• The replication_applier_status_by_worker table is nonempty only when the slave is operating in multi-threaded mode. That is, if the slave_parallel_workers system variable is greater than 0, this table is populated when START SLAVE is executed, and the number of rows shows the number of workers.

SHOW SLAVE STATUS Information Not In the Replication Tables

The information in the Performance Schema replication tables differs somewhat from the information available from SHOW SLAVE STATUS because the tables are oriented toward use of global transaction identifiers (GTIDs), not file names and positions, and they represent server UUID values, not server ID values. Due to these differences, several SHOW SLAVE STATUS columns are not preserved in the Performance Schema replication tables, or are represented a different way:

  • The following fields refer to file names and positions and are not preserved:

  • The Master_Info_File field is not preserved. It refers to the file, which has been superseded by crash-safe slave tables.

  • The following fields are based on server_id, not server_uuid, and are not preserved:

  • The Skip_Counter field is based on event counts, not GTIDs, and is not preserved.

  • These error fields are aliases for Last_SQL_Errno and Last_SQL_Error, so they are not preserved:


    In the Performance Schema, this error information is available in the LAST_ERROR_NUMBER and LAST_ERROR_MESSAGE columns of the replication_applier_status_by_coordinator table (and replication_applier_status_by_worker if the slave is multi-threaded). Those tables provide more specific per-thread error information than is available from Last_Errno and Last_Error.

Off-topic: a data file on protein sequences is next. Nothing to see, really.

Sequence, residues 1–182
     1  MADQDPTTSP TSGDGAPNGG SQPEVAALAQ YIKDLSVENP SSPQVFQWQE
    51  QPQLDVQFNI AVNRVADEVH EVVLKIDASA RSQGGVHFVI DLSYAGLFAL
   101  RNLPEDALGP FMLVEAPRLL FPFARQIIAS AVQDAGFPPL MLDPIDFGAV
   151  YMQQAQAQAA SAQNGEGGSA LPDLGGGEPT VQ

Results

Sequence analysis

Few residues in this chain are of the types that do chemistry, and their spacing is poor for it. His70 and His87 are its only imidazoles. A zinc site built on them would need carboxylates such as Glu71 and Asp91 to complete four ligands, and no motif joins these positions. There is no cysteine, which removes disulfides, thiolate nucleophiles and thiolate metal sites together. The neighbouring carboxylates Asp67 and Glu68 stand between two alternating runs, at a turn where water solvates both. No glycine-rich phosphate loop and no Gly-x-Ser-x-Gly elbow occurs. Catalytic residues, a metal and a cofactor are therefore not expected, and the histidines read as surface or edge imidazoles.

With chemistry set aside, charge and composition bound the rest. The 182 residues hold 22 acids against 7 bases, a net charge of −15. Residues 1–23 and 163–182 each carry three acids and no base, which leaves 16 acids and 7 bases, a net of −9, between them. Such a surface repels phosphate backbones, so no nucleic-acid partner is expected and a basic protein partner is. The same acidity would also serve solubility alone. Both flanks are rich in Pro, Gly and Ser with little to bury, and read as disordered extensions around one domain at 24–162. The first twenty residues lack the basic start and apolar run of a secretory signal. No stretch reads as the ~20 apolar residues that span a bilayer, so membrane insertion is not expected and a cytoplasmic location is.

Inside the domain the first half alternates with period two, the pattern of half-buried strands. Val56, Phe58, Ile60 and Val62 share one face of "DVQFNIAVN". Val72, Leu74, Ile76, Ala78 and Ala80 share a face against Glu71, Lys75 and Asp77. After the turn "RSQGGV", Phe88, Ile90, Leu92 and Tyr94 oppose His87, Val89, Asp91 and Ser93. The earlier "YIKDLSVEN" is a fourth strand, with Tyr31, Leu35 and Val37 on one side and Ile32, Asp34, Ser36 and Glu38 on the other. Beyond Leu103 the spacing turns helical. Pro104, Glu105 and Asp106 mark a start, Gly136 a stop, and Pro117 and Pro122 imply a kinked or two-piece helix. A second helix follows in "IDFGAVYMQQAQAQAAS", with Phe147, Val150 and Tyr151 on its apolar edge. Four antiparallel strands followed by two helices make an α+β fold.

• Fields that provide information about command-line filtering options is not preserved:

  • The Slave_IO_State and Slave_SQL_Running_State fields are not preserved. If needed, these values can be obtained from the process list by using the THREAD_ID column of the appropriate replication table and joining it with the ID column in the INFORMATION_SCHEMA PROCESSLIST table to select the STATE column of the latter table.

  • The Executed_Gtid_Set field can show a large set with a great deal of text. Instead, the Performance Schema tables show GTIDs of transactions that are currently being applied by the slave. Alternatively, the set of executed GTIDs can be obtained from the value of the gtid_executed system variable.

  • The Seconds_Behind_Master and Relay_Log_Space fields are in to-be-decided status and are not preserved.

Status Variables Moved to Replication Tables

As of MySQL version 5.7.5, the following status variables (previously monitored using SHOW STATUS) were moved to the Perfomance Schema replication tables:

These status variables are now only relevant when a single replication channel is being used because they only report the status of the default replication channel. When multiple replication channels exist, use the Performance Schema replication tables described in this section, which report these variables for each existing replication channel.

Replication Channels

The first column of the replication Performance Schema tables is CHANNEL_NAME. This enables the tables to be viewed per replication channel, added in MySQL 5.7.6. When you are using multiple replication channels on a slave, you can filter the tables per replication channel to monitor a specific replication channel. See Section 17.2.3, “Replication Channels” and Section, “Multi-Source Replication Monitoring” for more information.